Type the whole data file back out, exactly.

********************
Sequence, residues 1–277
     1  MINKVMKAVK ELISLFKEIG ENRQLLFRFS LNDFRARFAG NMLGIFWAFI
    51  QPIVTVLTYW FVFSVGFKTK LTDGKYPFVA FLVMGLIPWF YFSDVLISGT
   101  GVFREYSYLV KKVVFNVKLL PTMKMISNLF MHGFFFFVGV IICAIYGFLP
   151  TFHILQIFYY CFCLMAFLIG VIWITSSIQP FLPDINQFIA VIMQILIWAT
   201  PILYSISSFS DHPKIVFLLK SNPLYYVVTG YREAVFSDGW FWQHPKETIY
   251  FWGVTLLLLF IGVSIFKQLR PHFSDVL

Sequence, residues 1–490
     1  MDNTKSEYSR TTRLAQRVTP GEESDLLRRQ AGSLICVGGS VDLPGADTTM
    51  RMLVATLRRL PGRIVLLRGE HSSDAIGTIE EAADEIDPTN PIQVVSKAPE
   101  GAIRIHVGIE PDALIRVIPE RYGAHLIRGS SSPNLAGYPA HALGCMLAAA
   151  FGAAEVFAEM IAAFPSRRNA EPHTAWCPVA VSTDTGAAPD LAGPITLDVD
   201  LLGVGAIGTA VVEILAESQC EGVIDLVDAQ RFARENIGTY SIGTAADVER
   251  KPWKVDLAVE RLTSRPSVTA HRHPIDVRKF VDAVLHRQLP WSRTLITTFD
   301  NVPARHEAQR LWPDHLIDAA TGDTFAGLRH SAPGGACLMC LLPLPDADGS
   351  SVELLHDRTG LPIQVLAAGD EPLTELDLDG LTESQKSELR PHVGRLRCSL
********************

Sequence, residues 1–277
     1  MINKVMKAVK ELISLFKEIG ENRQLLFRFS LNDFRARFAG NMLGIFWAFI
    51  QPIVTVLTYW FVFSVGFKTK LTDGKYPFVA FLVMGLIPWF YFSDVLISGT
   101  GVFREYSYLV KKVVFNVKLL PTMKMISNLF MHGFFFFVGV IICAIYGFLP
   151  TFHILQIFYY CFCLMAFLIG VIWITSSIQP FLPDINQFIA VIMQILIWAT
   201  PILYSISSFS DHPKIVFLLK SNPLYYVVTG YREAVFSDGW FWQHPKETIY
   251  FWGVTLLLLF IGVSIFKQLR PHFSDVL

Sequence, residues 1–490
     1  MDNTKSEYSR TTRLAQRVTP GEESDLLRRQ AGSLICVGGS VDLPGADTTM
    51  RMLVATLRRL PGRIVLLRGE HSSDAIGTIE EAADEIDPTN PIQVVSKAPE
   101  GAIRIHVGIE PDALIRVIPE RYGAHLIRGS SSPNLAGYPA HALGCMLAAA
   151  FGAAEVFAEM IAAFPSRRNA EPHTAWCPVA VSTDTGAAPD LAGPITLDVD
   201  LLGVGAIGTA VVEILAESQC EGVIDLVDAQ RFARENIGTY SIGTAADVER
   251  KPWKVDLAVE RLTSRPSVTA HRHPIDVRKF VDAVLHRQLP WSRTLITTFD
   301  NVPARHEAQR LWPDHLIDAA TGDTFAGLRH SAPGGACLMC LLPLPDADGS
   351  SVELLHDRTG LPIQVLAAGD EPLTELDLDG LTESQKSELR PHVGRLRCSL